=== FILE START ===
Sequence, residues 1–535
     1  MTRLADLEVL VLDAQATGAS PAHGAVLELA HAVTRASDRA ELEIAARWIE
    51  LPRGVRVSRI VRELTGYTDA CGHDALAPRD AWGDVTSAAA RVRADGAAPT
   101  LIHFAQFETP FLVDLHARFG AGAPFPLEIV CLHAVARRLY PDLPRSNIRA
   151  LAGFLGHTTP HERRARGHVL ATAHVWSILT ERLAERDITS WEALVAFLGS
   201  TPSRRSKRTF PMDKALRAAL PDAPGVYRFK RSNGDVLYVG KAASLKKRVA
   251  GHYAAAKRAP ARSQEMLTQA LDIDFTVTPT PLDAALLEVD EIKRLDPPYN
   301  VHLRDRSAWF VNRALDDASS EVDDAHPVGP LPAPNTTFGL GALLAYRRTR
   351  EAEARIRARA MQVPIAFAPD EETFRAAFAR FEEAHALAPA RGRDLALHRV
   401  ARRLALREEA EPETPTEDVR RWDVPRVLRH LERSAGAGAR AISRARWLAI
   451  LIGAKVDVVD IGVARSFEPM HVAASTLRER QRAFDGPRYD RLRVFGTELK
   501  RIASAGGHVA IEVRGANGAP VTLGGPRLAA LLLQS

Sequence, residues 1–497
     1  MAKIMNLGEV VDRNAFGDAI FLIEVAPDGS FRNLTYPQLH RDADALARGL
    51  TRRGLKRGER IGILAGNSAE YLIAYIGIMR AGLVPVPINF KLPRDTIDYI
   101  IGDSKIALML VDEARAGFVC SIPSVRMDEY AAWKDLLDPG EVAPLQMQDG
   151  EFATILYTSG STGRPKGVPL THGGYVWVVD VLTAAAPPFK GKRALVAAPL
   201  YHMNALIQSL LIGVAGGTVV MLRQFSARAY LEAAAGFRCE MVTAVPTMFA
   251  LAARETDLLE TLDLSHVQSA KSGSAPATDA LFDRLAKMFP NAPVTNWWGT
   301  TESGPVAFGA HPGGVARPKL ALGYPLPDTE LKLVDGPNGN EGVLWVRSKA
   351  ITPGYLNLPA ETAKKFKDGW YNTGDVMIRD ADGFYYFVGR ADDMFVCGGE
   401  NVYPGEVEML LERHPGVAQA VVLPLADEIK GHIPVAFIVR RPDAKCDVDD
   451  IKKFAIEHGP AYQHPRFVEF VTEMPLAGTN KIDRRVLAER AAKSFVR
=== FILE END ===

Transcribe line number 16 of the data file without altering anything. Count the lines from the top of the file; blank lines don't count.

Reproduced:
   101  IGDSKIALML VDEARAGFVC SIPSVRMDEY AAWKDLLDPG EVAPLQMQDG